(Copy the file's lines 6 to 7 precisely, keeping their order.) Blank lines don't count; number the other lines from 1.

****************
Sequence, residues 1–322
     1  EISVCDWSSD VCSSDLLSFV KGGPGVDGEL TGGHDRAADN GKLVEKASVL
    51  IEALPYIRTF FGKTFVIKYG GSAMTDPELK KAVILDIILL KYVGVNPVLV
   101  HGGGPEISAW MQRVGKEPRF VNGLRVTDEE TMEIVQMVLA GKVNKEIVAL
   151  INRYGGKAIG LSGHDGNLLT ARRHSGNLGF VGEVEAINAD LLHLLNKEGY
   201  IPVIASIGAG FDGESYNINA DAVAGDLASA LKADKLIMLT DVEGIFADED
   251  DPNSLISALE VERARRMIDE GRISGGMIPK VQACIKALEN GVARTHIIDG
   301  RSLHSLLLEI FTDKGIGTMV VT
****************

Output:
   201  IPVIASIGAG FDGESYNINA DAVAGDLASA LKADKLIMLT DVEGIFADED
   251  DPNSLISALE VERARRMIDE GRISGGMIPK VQACIKALEN GVARTHIIDG